Mozambique The end of the Second World War accelerated the pace of independence in Africa: a defeated Italy surrendered its colonies, the empires of Britain and France underwent progressive dismantlement, and domestic political and economic upheaval, for example in Portugal, led to rapid decolonisation.
The USSR and US became embroiled in these independence struggles.
In Mozambique, for example, the Marxist FRELIMO guerrillas overthrew Portuguese rule with Soviet and Cuban military and diplomatic help. The anti-communist RENAMO movement likewise received support from the West.
Montgomery The Soviets similarly supported the MPLA guerrillas in their successful struggle for Angolan independence, opposed by the US and South African- backed UNITA, commencing more than fifteen years of civil war.
Another example of a newly independent African country to become caught up in the wider power struggle between East and West was the Belgian Congo during the 1960s.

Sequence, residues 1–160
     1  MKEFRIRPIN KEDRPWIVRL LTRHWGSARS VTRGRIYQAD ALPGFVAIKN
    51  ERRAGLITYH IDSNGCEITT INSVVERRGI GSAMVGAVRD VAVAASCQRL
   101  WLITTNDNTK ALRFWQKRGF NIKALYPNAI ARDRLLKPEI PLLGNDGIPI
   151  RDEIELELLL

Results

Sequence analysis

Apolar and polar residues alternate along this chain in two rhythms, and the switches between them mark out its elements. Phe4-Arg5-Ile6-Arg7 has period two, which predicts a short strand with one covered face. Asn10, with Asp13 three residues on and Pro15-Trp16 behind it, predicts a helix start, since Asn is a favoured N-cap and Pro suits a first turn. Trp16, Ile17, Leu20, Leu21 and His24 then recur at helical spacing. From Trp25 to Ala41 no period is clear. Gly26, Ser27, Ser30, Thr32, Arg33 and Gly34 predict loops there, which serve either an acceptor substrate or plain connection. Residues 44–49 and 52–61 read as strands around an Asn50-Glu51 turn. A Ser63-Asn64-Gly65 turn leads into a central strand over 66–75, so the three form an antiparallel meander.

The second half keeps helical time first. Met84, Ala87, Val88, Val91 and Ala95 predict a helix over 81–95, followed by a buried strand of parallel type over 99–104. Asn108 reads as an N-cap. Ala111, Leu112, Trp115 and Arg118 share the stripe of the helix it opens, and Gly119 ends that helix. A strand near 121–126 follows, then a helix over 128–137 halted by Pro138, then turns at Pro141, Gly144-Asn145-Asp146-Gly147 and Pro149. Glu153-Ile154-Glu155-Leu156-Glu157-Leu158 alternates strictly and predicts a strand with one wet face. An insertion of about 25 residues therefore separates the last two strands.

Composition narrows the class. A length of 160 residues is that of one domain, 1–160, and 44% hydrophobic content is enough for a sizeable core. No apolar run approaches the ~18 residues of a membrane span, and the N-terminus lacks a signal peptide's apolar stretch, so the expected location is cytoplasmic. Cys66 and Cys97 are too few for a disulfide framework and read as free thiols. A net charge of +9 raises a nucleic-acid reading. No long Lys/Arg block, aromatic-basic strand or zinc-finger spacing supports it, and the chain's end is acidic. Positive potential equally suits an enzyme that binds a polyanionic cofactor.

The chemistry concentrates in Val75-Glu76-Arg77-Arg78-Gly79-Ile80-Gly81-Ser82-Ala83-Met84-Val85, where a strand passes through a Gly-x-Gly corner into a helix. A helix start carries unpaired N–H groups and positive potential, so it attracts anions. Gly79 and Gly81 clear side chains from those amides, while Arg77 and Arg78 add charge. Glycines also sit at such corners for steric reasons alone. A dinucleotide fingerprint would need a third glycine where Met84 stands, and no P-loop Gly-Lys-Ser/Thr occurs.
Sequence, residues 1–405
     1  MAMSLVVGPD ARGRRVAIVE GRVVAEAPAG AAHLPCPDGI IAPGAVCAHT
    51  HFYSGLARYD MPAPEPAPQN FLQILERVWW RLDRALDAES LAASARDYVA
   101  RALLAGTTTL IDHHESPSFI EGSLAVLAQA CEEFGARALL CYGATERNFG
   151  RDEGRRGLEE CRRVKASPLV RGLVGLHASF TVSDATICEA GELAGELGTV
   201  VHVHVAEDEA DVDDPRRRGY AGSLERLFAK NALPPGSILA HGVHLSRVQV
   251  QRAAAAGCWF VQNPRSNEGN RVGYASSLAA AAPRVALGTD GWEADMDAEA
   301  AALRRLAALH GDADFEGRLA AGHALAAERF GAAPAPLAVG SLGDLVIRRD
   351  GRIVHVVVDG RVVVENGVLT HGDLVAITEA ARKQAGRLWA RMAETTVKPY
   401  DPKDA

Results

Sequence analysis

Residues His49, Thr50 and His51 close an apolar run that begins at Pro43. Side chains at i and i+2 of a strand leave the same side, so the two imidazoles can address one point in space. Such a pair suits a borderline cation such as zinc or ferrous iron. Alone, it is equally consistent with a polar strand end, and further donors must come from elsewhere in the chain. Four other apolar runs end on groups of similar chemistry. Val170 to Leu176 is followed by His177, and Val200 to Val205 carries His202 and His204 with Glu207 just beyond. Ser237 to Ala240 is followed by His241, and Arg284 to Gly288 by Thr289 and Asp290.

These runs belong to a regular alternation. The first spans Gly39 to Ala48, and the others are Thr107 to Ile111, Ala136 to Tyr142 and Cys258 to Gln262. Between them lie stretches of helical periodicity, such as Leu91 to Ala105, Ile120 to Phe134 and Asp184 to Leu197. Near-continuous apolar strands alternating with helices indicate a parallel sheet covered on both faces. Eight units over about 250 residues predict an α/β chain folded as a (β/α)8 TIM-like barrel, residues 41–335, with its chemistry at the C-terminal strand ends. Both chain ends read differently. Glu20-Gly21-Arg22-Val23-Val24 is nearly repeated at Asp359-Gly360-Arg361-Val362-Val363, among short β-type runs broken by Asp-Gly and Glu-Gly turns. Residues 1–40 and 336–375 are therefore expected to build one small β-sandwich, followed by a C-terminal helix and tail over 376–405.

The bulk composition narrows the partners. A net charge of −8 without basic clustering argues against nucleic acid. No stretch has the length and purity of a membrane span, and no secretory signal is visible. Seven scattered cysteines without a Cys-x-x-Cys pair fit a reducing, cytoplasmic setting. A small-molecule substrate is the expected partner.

The deployment of United Nations peacekeepers helped separate the warring parties but the extent of the region's ongoing troubles was shown by the massacres in neighbouring Rwanda in 1994.
Captured weapons Ethnic conflict characterised the Cold War in the Far East, Middle East, in Eastern Europe and in Africa where the white minority apartheid regime in South Africa intervened on numerous occasions to assist anti- communist movements in the region, with tacit support of the US.
Struggles to control Africa's abundant natural resources including oil, precious metals and diamonds also complicated the story of the Cold War on the continent.
In this exhibition
- World War Two
- Cold War begins
- Balance of Power
- New millennium